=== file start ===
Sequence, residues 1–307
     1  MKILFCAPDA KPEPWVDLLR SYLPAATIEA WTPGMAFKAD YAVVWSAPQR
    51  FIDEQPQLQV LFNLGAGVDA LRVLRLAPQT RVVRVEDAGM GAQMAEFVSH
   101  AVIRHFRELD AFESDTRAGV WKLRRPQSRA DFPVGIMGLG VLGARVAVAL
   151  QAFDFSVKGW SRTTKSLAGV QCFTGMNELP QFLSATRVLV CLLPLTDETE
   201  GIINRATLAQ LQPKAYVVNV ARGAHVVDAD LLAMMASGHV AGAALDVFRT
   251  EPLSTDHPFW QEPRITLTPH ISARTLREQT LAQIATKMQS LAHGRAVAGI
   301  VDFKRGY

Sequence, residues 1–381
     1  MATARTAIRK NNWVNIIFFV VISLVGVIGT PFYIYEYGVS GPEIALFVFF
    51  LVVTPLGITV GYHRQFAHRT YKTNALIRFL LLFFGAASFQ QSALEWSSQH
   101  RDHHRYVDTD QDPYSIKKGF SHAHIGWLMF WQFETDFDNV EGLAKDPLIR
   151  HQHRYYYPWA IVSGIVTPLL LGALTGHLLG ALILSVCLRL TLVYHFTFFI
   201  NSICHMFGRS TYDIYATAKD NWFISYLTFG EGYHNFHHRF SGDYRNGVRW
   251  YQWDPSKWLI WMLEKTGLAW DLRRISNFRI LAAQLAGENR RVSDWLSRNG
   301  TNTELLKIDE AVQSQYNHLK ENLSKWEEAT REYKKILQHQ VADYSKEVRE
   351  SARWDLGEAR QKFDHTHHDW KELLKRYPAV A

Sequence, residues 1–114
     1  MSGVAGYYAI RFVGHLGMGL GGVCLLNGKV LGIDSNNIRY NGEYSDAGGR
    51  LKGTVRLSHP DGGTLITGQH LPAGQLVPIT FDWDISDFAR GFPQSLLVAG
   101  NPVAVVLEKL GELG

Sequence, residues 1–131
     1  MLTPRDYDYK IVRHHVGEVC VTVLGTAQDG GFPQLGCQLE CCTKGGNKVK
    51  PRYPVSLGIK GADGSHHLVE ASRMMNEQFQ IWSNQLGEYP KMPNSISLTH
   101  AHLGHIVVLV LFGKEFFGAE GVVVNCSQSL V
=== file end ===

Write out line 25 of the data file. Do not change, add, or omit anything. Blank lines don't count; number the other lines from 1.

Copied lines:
   101  AHLGHIVVLV LFGKEFFGAE GVVVNCSQSL V